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Crystallization of biological macromolecules from flash frozen samples on the Russian Space Station Mir.

Published on Nov 20, 1996in Biotechnology and Bioengineering4.26
· DOI :10.1002/(SICI)1097-0290(19961120)52:4<449::AID-BIT1>3.0.CO;2-P
S. Koszelak12
Estimated H-index: 12
(UCR: University of California, Riverside),
Cathy Leja1
Estimated H-index: 1
(UCR: University of California, Riverside),
Alexander McPherson51
Estimated H-index: 51
(UCR: University of California, Riverside)
Abstract
One hundred eighty-three flash frozen, liquid–liquid diffusion and batch method protein and virus crystallization samples were launched aboard the Space Shuttle Discovery on June 27 (STS-71) and transferred to the Russian Space Station Mir on July 1, 1995. They were returned to earth November 20, 1995 (STS-74). Subsequent examination showed that of the 19 types of proteins and viruses investigated, 17 were crystallized during the period on Mir. The experiment demonstrates the utility of this very simple and inexpensive approach for the crystallization of biological macromolecules in space over extended time periods. The distribution of crystals among the three types of containers used indicated small samples yielded results equal or better than larger samples and that long diffusion path lengths were clearly better. Distribution of crystals within the container tubes showed a striking gradient of quality and size that indicated long, narrow tubes yield superior crystals, as predicted from other work based on crystallization in capillaries. © 1996 John Wiley & Sons, Inc.
  • References (23)
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References23
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#1Arnaud DucruixH-Index: 9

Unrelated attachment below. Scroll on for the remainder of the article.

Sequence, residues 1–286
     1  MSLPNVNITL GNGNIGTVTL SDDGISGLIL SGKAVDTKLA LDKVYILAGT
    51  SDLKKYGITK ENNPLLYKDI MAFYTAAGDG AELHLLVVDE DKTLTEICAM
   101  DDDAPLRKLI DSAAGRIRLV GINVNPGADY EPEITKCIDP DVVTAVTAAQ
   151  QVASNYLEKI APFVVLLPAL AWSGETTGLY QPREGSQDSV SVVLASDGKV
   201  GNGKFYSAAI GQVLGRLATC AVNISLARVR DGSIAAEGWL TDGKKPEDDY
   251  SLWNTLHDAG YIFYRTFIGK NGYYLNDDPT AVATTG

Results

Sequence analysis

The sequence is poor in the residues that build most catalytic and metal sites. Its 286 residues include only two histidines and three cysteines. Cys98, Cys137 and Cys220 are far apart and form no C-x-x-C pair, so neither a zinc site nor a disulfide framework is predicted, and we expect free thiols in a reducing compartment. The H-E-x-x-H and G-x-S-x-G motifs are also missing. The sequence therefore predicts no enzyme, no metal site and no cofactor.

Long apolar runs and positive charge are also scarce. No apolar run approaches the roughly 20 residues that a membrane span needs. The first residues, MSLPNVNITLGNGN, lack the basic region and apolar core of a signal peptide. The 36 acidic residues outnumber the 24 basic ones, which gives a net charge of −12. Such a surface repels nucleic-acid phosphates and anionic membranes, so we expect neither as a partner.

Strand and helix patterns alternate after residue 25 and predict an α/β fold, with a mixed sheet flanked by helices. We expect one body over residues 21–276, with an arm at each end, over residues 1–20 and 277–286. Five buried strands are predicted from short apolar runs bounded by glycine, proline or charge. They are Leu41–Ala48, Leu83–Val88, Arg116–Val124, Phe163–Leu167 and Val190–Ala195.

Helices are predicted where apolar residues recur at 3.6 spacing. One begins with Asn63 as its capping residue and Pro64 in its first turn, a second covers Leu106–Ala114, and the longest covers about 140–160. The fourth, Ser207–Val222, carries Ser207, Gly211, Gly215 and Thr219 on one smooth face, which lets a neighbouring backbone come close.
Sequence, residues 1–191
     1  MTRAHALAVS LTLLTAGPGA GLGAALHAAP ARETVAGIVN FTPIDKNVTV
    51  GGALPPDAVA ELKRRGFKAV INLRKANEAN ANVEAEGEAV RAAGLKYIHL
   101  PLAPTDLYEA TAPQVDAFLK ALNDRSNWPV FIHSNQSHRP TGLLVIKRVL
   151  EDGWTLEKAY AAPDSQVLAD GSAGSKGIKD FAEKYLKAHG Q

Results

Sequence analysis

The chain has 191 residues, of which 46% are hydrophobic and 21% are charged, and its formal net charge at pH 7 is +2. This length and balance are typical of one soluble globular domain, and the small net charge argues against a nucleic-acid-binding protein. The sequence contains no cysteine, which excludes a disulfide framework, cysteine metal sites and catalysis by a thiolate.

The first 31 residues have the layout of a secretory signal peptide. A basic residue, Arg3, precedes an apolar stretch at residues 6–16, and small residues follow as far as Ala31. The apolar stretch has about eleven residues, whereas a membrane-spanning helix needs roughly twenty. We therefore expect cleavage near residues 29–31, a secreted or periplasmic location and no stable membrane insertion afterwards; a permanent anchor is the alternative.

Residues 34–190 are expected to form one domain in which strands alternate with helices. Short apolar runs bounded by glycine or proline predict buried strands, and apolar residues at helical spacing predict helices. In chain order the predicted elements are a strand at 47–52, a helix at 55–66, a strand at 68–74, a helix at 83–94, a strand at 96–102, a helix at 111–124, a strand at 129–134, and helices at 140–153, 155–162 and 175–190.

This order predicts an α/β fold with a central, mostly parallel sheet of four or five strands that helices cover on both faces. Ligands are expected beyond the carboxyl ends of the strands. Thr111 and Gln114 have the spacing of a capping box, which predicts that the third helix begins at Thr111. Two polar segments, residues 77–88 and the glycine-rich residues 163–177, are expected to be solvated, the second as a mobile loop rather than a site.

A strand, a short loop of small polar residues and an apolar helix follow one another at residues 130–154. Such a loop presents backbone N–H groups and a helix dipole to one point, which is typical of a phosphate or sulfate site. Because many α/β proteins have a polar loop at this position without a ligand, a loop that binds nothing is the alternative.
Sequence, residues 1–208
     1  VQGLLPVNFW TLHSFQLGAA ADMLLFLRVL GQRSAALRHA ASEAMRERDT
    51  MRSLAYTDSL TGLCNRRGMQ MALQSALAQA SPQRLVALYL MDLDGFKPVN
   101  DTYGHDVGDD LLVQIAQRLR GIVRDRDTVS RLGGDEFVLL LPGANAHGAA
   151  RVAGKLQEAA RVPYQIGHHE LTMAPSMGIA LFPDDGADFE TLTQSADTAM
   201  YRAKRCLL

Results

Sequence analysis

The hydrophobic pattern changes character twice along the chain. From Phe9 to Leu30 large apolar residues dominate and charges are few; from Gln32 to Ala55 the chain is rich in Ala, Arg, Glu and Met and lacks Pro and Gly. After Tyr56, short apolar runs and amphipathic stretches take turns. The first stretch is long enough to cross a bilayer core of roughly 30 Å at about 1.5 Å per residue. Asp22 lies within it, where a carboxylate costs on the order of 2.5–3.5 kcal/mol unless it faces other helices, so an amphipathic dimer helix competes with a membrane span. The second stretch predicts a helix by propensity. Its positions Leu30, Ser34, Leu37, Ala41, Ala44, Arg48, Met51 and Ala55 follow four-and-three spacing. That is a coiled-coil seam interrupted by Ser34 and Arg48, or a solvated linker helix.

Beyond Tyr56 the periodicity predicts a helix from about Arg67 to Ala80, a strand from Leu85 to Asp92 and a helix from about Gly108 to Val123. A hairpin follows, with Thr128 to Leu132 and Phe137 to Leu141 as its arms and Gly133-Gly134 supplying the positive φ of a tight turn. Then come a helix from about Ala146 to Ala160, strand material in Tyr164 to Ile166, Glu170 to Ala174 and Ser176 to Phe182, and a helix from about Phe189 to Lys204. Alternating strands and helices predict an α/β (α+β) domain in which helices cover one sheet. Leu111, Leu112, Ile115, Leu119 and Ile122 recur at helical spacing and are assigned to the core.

#2R. GiegH-Index: 1
Giege and Ducruix: An introduction to the crystallogenesis of biological macromolecules Lorber and Giege: Biochemical aspects and handling of macromolecular solutions and crystals Berne, Doublie and Carter, Jr: Molecular biology for structural biology Carter, Jr: Experimental design, quantitive analysis, and the cartography of crystal growth Ducruix and Giege: Methods of crystallization Robert et al: Crystallization in gels and related methods Stura: Seeding techniques Dock-Bregeon, Moras and Gi...
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#2Yu. G. Kuznetsov (UCR: University of California, Riverside)H-Index: 19
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The growth of six protein and virus crystals was investigated in situ using atomic force microscopy. Most of the crystals grew principally on steps generated by two-dimensional nucleation on surfaces though some grew by development of spiral dislocations. Apoferritin grew by a rarely encountered mechanism, normal growth, usually associated only with melt or vapour phase crystallization. Cubic crystals of satellite tobacco mosaic virus (STMV) grew, at moderate to high levels of supersaturation, b...
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Thanks to Bob Cudney, Hampton Research, Laguna Hills, CA, USA for kindly providing Figure 11Figure 11. The research described here was supported by grants and contracts from the National Aeronautics and Space Administration.
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